There are many myths and misconceptions about our mostly harmless, eight-legged friends the spiders. Our fear of them often impacts how we approach them, as well as how to deal with them despite their importance to the environment. Most commonly, spiders are squashed by homeowners even if it is not truly necessary.
Myth #1: Spiders are extremely dangerous
The most common misconception of spiders is that they are extremely dangerous. Based on data retrieved from many cases of spider bites, this is mostly untrue, at least for human beings. Spiders are effective at keeping insect populations in check, which means less pests in our environment. Their bite is deadly to their prey, but not so much humans. Most spider bites end up being no more than an annoying itchy bump, and even if an individual is allergic to the bite, very rarely is it ever lethal. In cases where bites from even the most venomous species of spiders (such as the Brazilian wandering spider or the Funnel web) are being treated, only 10% of patients needed to be treated with antivenin. In a similar vein, tarantulas generally pose no threat to humans at all.
Myth #2: All spiders flourish if they are taken outside
Some sympathetic homeowners choose not to kill spiders, instead opting to take them outside where they might flourish. However, this isn’t always the best option because not all spiders are not good at surviving outside. They didn’t accidentally wander into our house from a nearby bush. They enter our homes through small cracks, living in inconspicuous areas. Instead of helping them thrive, by placing them outside you may be doing just the opposite. In order to reduce the amount of spiders in your home, you will have to seek out any potential access points the spiders may use and seal them up.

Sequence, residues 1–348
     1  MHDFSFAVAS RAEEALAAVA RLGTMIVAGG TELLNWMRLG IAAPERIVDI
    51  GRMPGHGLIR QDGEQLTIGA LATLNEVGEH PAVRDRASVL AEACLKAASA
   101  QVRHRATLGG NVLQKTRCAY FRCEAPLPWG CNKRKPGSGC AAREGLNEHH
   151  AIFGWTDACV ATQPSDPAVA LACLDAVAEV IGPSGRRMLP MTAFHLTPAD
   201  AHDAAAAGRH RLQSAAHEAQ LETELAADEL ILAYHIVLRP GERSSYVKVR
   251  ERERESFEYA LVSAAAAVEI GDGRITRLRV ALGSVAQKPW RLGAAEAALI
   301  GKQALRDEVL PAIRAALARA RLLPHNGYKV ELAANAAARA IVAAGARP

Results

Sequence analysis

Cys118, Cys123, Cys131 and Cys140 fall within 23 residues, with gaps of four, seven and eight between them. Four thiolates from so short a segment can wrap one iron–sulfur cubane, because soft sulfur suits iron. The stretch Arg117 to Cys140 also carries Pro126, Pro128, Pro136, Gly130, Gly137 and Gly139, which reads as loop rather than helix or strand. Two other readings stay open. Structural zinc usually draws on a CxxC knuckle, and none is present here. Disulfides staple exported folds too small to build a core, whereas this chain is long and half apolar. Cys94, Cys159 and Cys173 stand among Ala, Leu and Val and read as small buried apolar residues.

Myth #3: Many brown recluses live in North America
Another misconception that many North Americans have is that brown recluses live in their area. This happens more commonly with people who live on the west coast, who are adamant that they’ve spotted a violin shaped spider, and that this means it is a brown recluse. There is some truth to the misconception: brown recluses really can be found in the middle southern states ever since 20 or so years ago. However, out of any sightings in this period of time, only 10 have actually been confirmed to be brown recluses. Additionally, there are other species of spider that have a violin shaped body.
Myth #4: You can identify spiders by their appearance
Most people think of black widows as the spider with a red hourglass shape on their abdomen. While seemingly unique, this is actually a common occurrence; other spiders can have this marking without being a black widow. This is because individual species can vary greatly in their appearance, and it is very difficult to confirm their species without evaluating their DNA or looking under a microscope. As such, just because the spider looks like a dangerous spider, doesn’t mean that it is one.
The many myths about spiders are rampant, so it is necessary for one to take into account that almost everything they’ve learned about spiders from media or general chatting is wrong (unless spoken by an arachnologist). This is especially true of anything you might have “learned” from movies involving spiders. Generally, spiders have no interest in you whatsoever and they would rather be hunting something their own size.
Photo Credit: George Probst